Last 'Potter' Movie Is One Of The Best

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Harry Potter has headlined seven films over 10 years, and brought in $1 billion in domestic box office sales. The eighth film opens at midnight, and it already has sold more than $32 million in tickets.


The eighth and final Harry Potter film opens at midnight, with more than 32 million in tickets already sold. Film critic Kenneth Turan reviews the final Harry Potter movie for us.

Mr. KENNETH TURAN (Film critic): "Harry Potter and the Deathly Hallows: Part 2" turns out to be more than the last of its kind. Almost magically, it's also one of the best films of the entire series. It brings us back to the combination of adventure and emotion that conjured the book's popularity in the first place.

Splitting the final novel into two parts enabled this film to concentrate on action. Harry and company's search for the horcruxes that contained hidden pieces of the evil wizard Voldemort's soul; destroy those one by one, and the man will be weakened beyond measure.

(Soundbite of movie, "Harry Potter and the Deathly Hallows: Part 2)

Mr. DANIEL RADCLIFFE (Actor): (as Harry Potter) He knows. You-Know-Who, he knows we've broken to Gringotts. He knows what we took and he knows we're hunting horcruxes.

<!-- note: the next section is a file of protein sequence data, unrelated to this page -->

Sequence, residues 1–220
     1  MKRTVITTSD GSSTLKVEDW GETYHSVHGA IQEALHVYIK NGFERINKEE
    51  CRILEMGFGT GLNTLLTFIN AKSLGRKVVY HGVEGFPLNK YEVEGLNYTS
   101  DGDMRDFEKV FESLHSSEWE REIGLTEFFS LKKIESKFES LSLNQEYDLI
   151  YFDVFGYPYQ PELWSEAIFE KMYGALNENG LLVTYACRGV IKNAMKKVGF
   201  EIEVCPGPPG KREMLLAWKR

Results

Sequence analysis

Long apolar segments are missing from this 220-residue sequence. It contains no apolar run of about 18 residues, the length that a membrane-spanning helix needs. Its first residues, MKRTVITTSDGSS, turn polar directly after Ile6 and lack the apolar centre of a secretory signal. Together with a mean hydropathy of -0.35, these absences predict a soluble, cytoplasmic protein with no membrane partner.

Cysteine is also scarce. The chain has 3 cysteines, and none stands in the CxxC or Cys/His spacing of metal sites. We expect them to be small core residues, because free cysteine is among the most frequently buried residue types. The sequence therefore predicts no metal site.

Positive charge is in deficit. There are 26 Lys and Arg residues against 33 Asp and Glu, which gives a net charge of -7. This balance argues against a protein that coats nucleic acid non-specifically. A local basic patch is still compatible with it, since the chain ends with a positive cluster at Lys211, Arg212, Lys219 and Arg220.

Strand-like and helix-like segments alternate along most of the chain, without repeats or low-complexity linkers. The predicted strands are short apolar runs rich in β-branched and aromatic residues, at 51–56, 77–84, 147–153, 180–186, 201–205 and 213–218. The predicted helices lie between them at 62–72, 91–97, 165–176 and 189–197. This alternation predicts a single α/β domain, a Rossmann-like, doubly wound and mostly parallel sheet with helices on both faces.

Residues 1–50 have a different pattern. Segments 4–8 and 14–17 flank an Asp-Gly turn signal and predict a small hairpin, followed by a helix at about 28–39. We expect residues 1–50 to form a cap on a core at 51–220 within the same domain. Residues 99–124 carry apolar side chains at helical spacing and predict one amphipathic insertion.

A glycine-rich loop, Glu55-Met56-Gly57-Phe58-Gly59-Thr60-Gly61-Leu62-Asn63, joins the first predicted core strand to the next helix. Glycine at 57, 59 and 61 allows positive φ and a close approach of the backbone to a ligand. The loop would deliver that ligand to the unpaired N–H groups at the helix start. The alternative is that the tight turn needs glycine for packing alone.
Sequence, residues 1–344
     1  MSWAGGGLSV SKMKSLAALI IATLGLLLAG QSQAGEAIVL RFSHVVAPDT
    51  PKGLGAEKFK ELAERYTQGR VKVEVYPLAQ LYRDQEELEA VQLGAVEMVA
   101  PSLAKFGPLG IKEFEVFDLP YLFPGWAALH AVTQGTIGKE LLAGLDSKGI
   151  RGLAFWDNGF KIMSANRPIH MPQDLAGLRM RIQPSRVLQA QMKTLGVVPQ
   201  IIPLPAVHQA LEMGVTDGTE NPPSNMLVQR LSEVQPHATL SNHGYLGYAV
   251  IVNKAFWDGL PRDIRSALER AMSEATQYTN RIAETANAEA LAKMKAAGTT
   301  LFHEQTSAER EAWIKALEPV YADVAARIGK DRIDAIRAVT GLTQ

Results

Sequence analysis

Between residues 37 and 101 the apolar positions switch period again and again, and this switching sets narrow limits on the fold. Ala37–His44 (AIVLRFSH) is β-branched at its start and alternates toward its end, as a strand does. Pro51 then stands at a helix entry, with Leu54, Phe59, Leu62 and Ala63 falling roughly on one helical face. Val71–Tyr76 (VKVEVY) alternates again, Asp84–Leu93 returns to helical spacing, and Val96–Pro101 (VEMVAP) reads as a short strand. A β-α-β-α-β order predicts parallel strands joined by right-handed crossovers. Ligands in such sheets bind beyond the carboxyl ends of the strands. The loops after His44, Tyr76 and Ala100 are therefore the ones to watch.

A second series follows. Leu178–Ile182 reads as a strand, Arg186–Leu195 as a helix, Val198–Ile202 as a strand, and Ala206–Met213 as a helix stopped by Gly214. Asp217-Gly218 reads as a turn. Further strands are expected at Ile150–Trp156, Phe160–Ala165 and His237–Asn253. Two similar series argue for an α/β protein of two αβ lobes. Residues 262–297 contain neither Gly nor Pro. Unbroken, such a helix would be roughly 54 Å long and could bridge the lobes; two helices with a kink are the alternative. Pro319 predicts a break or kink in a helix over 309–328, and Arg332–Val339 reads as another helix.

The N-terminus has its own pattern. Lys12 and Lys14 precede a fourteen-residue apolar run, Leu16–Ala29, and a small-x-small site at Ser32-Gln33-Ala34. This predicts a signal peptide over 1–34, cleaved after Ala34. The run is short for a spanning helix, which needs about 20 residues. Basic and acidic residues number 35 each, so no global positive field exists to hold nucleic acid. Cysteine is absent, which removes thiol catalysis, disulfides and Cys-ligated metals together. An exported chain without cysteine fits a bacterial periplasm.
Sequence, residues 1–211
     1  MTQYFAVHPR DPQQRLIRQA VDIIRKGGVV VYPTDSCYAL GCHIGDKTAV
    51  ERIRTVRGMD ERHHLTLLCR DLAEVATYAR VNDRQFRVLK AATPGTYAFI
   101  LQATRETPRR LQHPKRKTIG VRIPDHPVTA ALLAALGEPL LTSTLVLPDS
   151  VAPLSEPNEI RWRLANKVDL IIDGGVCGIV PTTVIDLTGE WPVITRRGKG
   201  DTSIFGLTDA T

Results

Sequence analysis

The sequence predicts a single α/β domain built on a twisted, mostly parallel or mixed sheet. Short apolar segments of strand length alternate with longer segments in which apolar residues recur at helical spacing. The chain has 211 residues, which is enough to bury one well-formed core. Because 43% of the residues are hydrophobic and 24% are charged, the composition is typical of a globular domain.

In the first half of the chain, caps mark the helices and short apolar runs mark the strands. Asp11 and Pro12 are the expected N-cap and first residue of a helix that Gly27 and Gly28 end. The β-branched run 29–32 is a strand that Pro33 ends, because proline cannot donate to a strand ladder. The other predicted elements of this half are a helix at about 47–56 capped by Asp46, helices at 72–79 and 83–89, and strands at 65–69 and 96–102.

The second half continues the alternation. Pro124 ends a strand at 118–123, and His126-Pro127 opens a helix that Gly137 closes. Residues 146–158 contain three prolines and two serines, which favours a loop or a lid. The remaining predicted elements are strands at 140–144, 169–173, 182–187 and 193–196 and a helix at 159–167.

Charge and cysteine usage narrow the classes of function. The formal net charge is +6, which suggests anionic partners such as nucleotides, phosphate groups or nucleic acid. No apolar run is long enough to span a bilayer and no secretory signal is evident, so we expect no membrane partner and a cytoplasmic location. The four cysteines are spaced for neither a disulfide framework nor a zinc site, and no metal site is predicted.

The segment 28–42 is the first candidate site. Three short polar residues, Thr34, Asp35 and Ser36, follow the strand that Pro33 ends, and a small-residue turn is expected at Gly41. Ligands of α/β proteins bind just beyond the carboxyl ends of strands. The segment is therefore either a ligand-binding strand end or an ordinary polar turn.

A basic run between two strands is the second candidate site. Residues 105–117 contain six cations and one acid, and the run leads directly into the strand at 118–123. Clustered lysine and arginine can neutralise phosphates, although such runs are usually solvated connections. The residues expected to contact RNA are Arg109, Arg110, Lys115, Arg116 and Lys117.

Mr. TURAN: The trio of young stars - Daniel Radcliffe, Rupert Grint and Emma Watson - are surrounded by a who's who of top flight British acting talent. Alan Rickman, as the devious Severus Snape, has some of his best moments here.

(Soundbite of movie, "Harry Potter and the Deathly Hallows: Part 2)

Mr. ALAN RICKMAN (Actor): (as Severus Snape) If anyone here has any knowledge of Mr. Potter's movements this evening, I invite them to step forward.

Mr. TURAN: And who can compare to the chilling Ray Fiennes as the evil wizard himself.

(Soundbite of movie, "Harry Potter and the Deathly Hallows: Part 2)

Mr. RAY FIENNES (Actor): (as Lord Voldemort) The boy who lived, come to die.

Mr. TURAN: All that talent couldn't have come cheap. And the other consistent factor in the Potter universe is the production's refusal to pinch pennies. The film's elaborate and expensive settings are enhanced for the first time with 3-D effects which work best when the action is hot and heavy. The Potter films have rarely been daring, choosing superb craftsmanship over cutting-edge audacity every time. By this point, we don't need the film to be daring because the story itself is so involving.

Near the end of the film, the great wizard Dumbledore speaks from beyond the grave and says, words are our most inexhaustible source of magic. It's not Harry Potter we think of at that moment, but his creator, J.K. Rowling. First and foremost, it's her we have to be grateful to for all these pleasures, and we certainly are.

MONTAGNE: Kenneth Turan reviews movies for MORNING EDITION and the Los Angeles Times.

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